Legality of Peyote
Recreational use of peyote is prohibited in all of the states and territories and by federal law. Recreational users of peyote may face large fines or even jail time if caught. Additionally, the sale and production of peyote for non-religious purposes is also against the law in the United States. Although not discovered nearly as often, peyote growers are usually treated the same way by law enforcement as marijuana growers.
Although ceremonial use of peyote was also illegal at one time, the United States now exempts this type of peyote use as legal. However, legal peyote use is restricted to the Native American Church. The distinction does not extend to other Native American groups that use peyote in religious ceremonies. As such, a number of religious peyote growers and users have been targeted and prosecuted by local law enforcement agencies. For example, the Peyote Foundation in Arizona was raided by local officials in 1998. Other Native American groups continue to strive for the legalization of peyote, but have not been successful thus far.
Native American Church of New York v United States (1979)
In 1976, Alan Birnbaum, founder of the Native American Church of New York petitioned the Drug Enforcement Agency to allow peyote use in religious ceremonies. His petition was quickly denied, so Birnbaum decided to sue. He believed that the denial of his petition went against his First Amendment right to freedom of religion. After all, when peyote use was banned in the Controlled Substances Act of 1965, and exemption was provided for users from the Native American Church. The Drug Enforcement Agency argued that the Native American Church of New York had not been exempted in the legislation, and were therefore not allowed to use peyote in their ceremonies. In this case, the Supreme Court decided in favor of the Native American Church of New York, announcing that it too would be protected under the Controlled Substances Act.
Employment Division, Department of Human Resources of Oregon v. Smith (1990)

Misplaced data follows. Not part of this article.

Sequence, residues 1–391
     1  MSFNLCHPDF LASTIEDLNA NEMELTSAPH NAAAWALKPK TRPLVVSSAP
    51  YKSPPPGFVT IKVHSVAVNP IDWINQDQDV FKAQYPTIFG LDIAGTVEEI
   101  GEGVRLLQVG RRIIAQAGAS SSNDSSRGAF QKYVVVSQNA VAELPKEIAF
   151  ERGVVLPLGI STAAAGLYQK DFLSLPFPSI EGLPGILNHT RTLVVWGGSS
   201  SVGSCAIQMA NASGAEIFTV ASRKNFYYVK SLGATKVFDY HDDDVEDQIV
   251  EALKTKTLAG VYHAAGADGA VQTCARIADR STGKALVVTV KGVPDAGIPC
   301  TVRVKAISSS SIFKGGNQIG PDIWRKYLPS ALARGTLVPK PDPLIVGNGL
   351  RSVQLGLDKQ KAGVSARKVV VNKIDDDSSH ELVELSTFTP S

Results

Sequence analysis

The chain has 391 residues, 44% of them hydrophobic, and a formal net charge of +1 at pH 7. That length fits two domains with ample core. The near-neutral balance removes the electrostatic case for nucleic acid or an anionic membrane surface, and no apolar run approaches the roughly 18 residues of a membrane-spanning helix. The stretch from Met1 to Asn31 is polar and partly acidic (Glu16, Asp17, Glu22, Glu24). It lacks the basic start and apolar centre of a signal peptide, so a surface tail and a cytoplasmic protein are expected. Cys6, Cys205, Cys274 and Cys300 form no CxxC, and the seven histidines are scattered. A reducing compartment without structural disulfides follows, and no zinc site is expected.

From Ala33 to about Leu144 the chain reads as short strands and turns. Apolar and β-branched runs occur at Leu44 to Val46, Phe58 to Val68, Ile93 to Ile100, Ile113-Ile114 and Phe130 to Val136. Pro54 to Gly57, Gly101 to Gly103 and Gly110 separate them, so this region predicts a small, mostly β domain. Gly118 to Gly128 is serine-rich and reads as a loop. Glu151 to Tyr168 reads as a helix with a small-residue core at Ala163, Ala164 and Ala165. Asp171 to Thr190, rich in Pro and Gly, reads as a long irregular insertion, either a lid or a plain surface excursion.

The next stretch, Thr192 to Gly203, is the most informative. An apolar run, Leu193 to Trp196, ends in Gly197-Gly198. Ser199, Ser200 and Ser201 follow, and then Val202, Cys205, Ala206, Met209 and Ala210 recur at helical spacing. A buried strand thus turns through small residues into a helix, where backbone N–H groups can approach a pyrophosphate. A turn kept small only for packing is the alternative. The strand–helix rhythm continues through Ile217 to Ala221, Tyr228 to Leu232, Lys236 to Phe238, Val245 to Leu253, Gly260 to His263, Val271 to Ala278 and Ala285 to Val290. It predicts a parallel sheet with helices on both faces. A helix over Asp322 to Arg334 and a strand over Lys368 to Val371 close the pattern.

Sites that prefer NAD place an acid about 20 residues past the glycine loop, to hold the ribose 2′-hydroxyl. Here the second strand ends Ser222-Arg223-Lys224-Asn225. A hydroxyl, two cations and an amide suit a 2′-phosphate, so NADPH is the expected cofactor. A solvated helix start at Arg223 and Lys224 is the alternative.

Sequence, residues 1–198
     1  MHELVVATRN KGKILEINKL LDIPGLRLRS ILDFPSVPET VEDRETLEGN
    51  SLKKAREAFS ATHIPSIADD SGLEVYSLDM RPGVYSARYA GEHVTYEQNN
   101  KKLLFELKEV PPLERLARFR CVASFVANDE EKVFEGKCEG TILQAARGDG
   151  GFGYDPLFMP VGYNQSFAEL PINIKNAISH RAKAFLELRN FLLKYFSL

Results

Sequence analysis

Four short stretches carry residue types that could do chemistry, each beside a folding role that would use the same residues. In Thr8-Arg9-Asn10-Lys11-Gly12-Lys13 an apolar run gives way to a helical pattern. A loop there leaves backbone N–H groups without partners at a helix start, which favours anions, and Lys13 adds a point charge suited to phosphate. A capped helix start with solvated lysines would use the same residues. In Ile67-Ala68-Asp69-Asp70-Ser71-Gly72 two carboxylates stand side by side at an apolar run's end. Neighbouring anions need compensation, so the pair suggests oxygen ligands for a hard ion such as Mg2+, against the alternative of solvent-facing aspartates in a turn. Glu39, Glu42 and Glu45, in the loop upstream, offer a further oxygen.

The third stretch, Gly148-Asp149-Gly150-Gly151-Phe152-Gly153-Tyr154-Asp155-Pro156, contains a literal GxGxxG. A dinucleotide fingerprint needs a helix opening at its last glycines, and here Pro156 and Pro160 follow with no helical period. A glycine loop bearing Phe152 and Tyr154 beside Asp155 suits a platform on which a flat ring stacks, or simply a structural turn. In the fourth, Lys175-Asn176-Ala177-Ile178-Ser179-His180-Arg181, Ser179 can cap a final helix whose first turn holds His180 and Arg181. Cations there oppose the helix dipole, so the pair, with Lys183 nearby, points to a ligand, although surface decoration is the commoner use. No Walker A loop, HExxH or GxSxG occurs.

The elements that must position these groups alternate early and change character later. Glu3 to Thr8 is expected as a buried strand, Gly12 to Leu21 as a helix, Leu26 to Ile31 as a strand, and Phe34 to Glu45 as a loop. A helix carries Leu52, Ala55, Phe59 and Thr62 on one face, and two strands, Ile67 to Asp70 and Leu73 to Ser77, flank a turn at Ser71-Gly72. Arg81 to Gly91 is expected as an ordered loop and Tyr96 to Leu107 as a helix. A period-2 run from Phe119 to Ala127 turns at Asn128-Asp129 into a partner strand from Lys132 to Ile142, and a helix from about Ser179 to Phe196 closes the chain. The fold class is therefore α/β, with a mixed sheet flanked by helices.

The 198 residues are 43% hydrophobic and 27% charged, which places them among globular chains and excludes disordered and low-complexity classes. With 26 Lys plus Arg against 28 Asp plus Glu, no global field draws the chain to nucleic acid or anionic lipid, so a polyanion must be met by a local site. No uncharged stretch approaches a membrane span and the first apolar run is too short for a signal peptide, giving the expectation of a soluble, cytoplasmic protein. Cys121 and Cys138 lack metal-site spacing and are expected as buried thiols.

This Supreme Court case was a step backwards for the Native American Church and other Native American groups that used peyote for religious purposes. The case revolved around Alfred Smith and Galen Black, who had been fired for using peyote while working at a drug rehabilitation clinic. When the two filed for unemployment benefits, they were denied, as their loss of employment was deemed a result of professional misconduct. The Oregon Court of Appeals and the Oregon Supreme Court decided that Smith and Black had been in the right, having only consumed peyote in a religious ceremony. However, the United States Supreme Court reversed this decision. The decision was based on the justices' belief that Oregon's anti-peyote law did not go against First Amendment religious rights, as it prohibited peyote use in all people, not just Native Americans
The decision reached in Employment Division of Oregon v Smith was reversed in 1994 with the passing of the American Indian Religious Freedom Act. This legislation legalized peyote when used in religious ceremonies by the Native American Church.
People v. Woody (1964) 61 Cal.2d 716
[3b] We have weighed the competing values represented in this case on the symbolic scale of constitutionality. On the one side we have placed the weight of freedom of religion as protected by the First Amendment; on the other, the weight of the state's "compelling interest." Since the use of peyote incorporates the essence of the religious expression, the first weight is heavy. Yet the use of peyote presents only slight danger to the state and to the enforcement of its laws; the second weight is relatively light. The scale tips in favor of the constitutional protection.
"Employment Division v Smith, 494 U. S. 872 :: Volume 494 :: 1990 "US Supreme Court Cases from Justia & Oyez.
"Native American Church of New York v. United States, 468 F. Supp. 1247 (S.D.N.Y. 1979)."Ethiopian Zion Coptic Church.
"People v Woody :: 61 Cal2d 716"